FBC blood test
A full blood count (FBC) test is one of the most common blood tests done. A blood sample is taken which is prevented from clotting by using a preservative in the blood bottle. The sample is put into a machine which automatically:
- Counts the number of red cells, white cells and platelets per millilitre of blood.
- Measures the size of the red blood cells and calculates their average (mean) size.
- Calculates the proportion of blood made up from red blood cells (the haematocrit).
- Measures the amount of haemoglobin in the red blood cells.
The main abnormalities which can be detected are:
- Anaemia - this means that you have fewer red blood cells than normal, or have less haemoglobin than normal in each red blood cell. The most common reason for an FBC to be done is to check for anaemia. There are many causes of anaemia. The average size of the red cells can give a clue as to the cause of some anaemias. For example, the most common cause of anaemia in the UK is a lack of iron. (Iron is needed to make haemoglobin.) With this type of anaemia, the average size of the red blood cells is smaller than normal.
- Too many red cells - this is called polycythaemia and can be due to various causes.
- Too few white cells - this is called leukopenia. Depending on which type of white cell is reduced it can be called neutropenia, lymphopenia or eosinopenia. There are various causes.
- Too many white blood cells - this is called leukocytosis. Depending on which type of white cell is increased it is called neutrophilia, lymphocytosis, eosinophilia, monocytosis or basophilia. There are various causes - for example:
- Various infections can cause an increase of white blood cells.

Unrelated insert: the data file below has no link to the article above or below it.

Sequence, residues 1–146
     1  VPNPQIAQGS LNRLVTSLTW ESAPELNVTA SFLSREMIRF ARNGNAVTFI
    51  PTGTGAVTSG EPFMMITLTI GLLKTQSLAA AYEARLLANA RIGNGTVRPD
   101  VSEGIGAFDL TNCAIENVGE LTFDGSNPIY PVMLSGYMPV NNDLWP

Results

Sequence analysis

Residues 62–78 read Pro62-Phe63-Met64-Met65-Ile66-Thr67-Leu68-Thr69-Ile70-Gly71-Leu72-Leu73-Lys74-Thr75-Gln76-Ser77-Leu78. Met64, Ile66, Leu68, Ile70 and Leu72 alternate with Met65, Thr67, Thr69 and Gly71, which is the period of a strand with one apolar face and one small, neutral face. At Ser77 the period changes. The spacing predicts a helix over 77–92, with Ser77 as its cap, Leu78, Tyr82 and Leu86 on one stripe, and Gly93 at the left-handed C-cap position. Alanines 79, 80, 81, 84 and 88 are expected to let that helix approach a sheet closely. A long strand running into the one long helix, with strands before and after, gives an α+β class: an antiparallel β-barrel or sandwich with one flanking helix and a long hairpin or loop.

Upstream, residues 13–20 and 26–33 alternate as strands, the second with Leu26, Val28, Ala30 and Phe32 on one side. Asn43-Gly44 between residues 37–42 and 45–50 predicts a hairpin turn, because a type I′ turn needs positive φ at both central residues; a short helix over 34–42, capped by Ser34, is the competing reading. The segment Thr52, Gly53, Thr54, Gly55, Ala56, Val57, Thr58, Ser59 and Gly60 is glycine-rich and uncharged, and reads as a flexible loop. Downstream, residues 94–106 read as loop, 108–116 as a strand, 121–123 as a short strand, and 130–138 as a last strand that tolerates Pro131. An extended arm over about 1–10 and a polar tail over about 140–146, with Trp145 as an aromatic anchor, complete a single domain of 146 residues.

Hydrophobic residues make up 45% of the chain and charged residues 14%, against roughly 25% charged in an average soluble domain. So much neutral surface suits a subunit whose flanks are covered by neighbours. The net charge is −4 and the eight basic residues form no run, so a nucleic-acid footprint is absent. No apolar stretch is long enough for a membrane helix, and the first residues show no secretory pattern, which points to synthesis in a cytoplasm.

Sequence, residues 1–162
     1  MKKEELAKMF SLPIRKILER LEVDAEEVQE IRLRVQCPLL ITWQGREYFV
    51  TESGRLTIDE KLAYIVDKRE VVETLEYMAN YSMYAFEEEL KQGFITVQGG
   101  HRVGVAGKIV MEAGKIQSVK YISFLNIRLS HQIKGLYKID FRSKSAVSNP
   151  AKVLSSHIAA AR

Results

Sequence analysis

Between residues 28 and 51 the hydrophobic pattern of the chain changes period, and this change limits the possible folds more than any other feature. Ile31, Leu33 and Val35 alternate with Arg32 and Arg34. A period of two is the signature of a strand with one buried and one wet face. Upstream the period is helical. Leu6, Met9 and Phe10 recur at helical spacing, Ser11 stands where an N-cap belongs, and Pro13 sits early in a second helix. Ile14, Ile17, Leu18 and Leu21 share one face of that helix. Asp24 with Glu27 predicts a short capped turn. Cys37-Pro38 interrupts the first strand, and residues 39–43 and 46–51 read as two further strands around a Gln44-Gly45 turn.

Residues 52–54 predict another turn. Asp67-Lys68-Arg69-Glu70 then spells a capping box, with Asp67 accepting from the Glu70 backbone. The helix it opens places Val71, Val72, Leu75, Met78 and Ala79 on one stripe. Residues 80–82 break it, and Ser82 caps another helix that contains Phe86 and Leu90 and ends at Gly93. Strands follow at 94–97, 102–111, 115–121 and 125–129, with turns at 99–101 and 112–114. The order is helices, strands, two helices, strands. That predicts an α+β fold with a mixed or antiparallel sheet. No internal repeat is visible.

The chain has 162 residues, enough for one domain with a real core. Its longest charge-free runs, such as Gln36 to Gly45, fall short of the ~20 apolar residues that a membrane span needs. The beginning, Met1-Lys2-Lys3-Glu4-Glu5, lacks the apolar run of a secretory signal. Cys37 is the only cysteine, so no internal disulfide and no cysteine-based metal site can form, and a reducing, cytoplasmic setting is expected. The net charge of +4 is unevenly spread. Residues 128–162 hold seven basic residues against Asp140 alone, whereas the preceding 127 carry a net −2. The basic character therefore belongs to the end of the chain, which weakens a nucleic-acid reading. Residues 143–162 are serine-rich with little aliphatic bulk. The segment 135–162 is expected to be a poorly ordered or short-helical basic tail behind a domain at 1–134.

- Certain allergies can cause an eosinophilia.
- Leukaemia is a type of blood cancer where there is a large number of abnormal cells, usually white blood cells. The type of leukaemia depends on the type of white cell affected.
- Too few platelets - this is called thrombocytopenia. This may make you bruise or bleed easily. There are various causes.
- Too many platelets - this is called thrombocythaemia ( or thrombocytosis). This is due to disorders which affect cells in the bone marrow which make platelets.
What is a blood smear?
This is a thin film of blood which is examined under a microscope. This is used to look for abnormal shapes of cells which cannot be detected by the automated machine. For example, to detect the characteristic 'sickle' shape of the red blood cells which occur in sickle cell anaemia. Also, infecting germs such as the malaria parasite can be seen in a blood smear.
Do I need further tests?
Lots of different conditions can cause an abnormality in a blood count. Therefore, if an abnormality is found, you often need further tests to find the cause. For example, anaemia is the most common abnormality. If you are found to have anaemia, you may be advised to have another blood test to check on the level of iron or certain vitamins in your blood. And, if these tests are normal then other tests may be needed.
A bone marrow biopsy is sometimes needed to find the cause of anaemia and other blood cell problems. The bone marrow is where the blood cells are made from blood 'stem' cells. A sample (biopsy) of bone marrow can be examined under the microscope and tested to help to find the cause of the abnormality.
Various other tests may be advised, depending on the abnormality found in the blood count.
Further reading and references
Nordestgaard BG, Langsted A, Mora S, et al; Fasting is not routinely required for determination of a lipid profile: clinical and laboratory implications including flagging at desirable concentration cut-points-a joint consensus statement from the European Atherosclerosis Society and European Federation of Clinical Chemistry and Laboratory Medicine. Eur Heart J. 2016 Jul 137(25):1944-58. doi: 10.1093/eurheartj/ehw152. Epub 2016 Apr 26.
Kotulska A, Kopec-Medrek M, Grosicka A, et al; Correlation between erythrocyte sedimentation rate and C-reactive protein level in patients with rheumatic diseases. Reumatologia. 201553(5):243-6. doi: 10.5114/reum.2015.55825. Epub 2015 Dec 8.
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